Hatton Station (too hot for Buddy again)

As we want to go down the Hatton flight after Karen comes home from work on Thursday, Buddy and moved a little closer to the top of the fight by having a mini cruise to Hatton station on Tuesday.  No locks for a change but one tunnel.

I forgot how wet Shrewley tunnel is, even in this dry weather the water was gushing through the roof in places.  Fortunately, I avoided most of the water but the boat and I were still pretty wet when we came out.  I know I always put a picture of Shrewley tunnel in the blog when we go through but the offset horse tunnel still fascinates me.

Shrewley tunnel with its separate tunnel for horses and workmen painting the railings (actually one was a workgirl)

This section of the Grand Union – between the locks at Knowle and Hatton varies between being in deep cuttings or on high embankments which makes for a pleasant and varied journey.  The cuttings are always welcome when the sun is beating down.

Cutting coming into Rowington

Rowington embankment

Mooring at Hatton station was easy when we were last here in January as there was only one other ccer there.  When we arrived on Tuesday there were two boats moored so I went to get in behind the furthest one.  It wasn’t possible as the sides were too shallow.  It seemed that the only place to moor near the station was where the two boats were.  I kept trying for a few hundred yards and eventually found a spot where I could get the boat in to the bank.  As it happened it was actually a much better spot – more open and away from the houses by the station.

Moored in the sun at Hatton station with a shady spot for the dog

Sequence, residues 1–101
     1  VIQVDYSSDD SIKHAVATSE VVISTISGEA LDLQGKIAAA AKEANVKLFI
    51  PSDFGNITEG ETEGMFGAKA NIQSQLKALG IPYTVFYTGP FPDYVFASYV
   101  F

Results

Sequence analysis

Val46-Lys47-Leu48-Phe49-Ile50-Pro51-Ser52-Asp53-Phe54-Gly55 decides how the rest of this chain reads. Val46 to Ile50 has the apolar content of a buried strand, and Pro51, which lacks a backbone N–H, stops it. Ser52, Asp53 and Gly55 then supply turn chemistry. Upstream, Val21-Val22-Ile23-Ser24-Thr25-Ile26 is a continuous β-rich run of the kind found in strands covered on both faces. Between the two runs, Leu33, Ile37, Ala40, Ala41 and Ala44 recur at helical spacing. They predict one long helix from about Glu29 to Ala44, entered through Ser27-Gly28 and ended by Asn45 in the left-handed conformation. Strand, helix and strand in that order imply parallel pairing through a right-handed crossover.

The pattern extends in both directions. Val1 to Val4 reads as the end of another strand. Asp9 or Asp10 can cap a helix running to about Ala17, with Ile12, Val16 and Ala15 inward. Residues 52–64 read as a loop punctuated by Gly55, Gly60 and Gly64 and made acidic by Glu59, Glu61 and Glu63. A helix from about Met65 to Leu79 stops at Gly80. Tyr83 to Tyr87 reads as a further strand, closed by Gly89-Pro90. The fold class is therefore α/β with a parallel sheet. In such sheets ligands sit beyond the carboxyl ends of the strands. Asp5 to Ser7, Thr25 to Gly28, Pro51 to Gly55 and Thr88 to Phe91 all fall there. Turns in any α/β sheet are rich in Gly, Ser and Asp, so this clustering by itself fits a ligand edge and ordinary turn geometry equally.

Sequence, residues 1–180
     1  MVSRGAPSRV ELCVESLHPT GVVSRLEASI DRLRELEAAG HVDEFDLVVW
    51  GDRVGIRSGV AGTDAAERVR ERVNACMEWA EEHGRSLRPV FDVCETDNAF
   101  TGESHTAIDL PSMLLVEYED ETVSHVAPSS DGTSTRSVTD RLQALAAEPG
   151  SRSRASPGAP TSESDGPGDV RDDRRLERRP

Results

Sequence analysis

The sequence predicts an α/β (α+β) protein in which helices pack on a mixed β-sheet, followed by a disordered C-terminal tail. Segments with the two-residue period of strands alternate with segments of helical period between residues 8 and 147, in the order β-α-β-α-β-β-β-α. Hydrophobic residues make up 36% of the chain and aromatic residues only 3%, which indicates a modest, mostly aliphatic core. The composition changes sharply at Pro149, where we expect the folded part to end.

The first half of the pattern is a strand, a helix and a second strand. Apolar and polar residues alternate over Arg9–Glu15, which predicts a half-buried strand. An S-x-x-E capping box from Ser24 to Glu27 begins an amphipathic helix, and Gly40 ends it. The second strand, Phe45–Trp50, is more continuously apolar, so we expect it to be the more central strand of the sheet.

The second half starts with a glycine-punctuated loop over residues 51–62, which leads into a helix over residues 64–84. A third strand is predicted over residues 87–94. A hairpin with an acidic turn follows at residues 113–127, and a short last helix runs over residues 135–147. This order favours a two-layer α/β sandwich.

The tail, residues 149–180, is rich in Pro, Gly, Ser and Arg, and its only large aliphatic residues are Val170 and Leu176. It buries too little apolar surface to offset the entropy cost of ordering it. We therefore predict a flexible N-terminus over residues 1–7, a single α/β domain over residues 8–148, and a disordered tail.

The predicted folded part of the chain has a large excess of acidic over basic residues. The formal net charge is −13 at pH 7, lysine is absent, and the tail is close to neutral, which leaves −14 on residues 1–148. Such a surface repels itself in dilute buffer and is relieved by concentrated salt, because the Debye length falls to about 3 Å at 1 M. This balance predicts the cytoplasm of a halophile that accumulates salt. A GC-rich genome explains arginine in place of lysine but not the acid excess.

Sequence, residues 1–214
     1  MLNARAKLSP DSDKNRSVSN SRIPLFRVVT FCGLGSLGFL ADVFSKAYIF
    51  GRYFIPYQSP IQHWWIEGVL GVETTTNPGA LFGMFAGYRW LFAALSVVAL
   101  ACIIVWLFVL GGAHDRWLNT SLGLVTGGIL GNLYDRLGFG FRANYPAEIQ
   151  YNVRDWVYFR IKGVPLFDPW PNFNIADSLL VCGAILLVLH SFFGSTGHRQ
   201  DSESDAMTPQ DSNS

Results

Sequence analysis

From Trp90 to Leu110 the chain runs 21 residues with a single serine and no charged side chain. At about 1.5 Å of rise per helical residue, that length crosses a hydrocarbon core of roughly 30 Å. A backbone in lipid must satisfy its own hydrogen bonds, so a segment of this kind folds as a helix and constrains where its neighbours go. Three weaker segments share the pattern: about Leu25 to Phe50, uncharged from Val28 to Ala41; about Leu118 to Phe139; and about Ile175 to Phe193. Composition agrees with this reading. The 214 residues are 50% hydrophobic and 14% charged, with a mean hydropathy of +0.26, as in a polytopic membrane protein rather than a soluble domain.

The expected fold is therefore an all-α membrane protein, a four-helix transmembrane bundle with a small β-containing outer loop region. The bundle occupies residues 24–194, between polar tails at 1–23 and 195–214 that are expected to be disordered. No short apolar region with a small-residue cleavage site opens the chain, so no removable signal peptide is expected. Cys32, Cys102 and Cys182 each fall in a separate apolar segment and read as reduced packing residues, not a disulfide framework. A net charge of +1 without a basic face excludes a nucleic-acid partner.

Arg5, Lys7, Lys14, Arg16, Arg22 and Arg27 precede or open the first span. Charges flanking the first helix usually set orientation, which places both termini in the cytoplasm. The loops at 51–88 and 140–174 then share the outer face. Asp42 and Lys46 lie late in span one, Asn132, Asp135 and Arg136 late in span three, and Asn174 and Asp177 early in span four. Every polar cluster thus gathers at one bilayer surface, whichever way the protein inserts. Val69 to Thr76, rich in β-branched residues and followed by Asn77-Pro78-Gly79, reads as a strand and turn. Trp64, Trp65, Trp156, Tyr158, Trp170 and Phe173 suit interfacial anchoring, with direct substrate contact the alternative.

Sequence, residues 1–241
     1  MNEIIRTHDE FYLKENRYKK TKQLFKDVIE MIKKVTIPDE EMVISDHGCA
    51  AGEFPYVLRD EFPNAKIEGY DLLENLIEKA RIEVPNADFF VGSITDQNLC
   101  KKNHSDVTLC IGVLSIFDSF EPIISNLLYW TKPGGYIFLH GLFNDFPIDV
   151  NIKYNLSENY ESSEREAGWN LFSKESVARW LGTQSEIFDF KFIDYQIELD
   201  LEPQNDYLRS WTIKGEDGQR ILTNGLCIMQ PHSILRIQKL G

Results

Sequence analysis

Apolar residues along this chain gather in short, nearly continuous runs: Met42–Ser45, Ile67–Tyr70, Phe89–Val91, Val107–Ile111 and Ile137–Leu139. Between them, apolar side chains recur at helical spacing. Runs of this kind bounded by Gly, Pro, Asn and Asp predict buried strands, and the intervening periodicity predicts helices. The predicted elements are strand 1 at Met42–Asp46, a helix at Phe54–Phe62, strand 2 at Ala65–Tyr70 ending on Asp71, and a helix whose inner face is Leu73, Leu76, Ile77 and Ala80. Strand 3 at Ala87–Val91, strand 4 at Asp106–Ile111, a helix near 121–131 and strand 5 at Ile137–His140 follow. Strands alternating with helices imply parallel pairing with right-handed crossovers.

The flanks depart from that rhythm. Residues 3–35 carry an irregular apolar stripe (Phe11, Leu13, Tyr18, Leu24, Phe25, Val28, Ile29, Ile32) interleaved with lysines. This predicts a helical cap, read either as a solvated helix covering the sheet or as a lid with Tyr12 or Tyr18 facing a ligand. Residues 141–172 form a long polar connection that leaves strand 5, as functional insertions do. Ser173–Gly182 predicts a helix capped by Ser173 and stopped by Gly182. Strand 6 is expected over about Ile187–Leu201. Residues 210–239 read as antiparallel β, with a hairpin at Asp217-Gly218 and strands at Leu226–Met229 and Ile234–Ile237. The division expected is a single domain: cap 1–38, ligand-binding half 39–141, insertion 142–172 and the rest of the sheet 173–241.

Although we walked a bit during the day, Buddy wasn’t really bothered and much preferred laying outside the boat.  Most of his time was spent in the shade of the trees whilst I sat outside and read.  

It was a good spot to moor as there were plenty of butterflies around including lots of freshly emerged Gatekeepers.  I have noticed a lot of Red Admirals around at the moment too, so maybe their next brood, which emerges when the fruit is on the ground, will be really plentiful.  Red Admirals in the late autumn sun, getting tipsy on rotten fruit, always remind me that winter is nearly here but also that summer hasn’t quite gone!  Just sitting outside the boat I also saw some Green Veined Whites, Large Whites, Small Whites, Large and Small Skippers, Commas, Small Tortoiseshells, Speckled Woods, Meadow Browns and some tatty Ringlets.

A family of buzzards spent a lot of the afternoon soaring and mewing above the boat and a couple of kingfishers flew past as well.  Now we are back on the Warwickshire section of the Grand Union I would expect to see kingfishers every day now.  When it’s hot Buddy still insists on laying on the dustiest bit of the towpath so walkers and cyclists have to go around him.  I feel it’s fair as he obviously finds it cooler and the towpath is plenty wide enough to get past him.  Of course, if the path is too narrow then I don’t let him do it and make him lay elsewhere.

Dead to the world – if it wasn’t hot I would have had to stop him pestering the children

In the evening Karen and I went to Stratford to play bridge.  I think we will stay put on Wednesday and maybe take the train to Warwick to have a look around.  Even though it’s only three miles or so away it wouldn’t be fair on the dog to walk as the forecast says it’s meant to be even hotter.

Signpost where we were moored on Monday night – ensured we were going the right way towards Warwick ūüėČ
Peaceful mooring for Tuesday night

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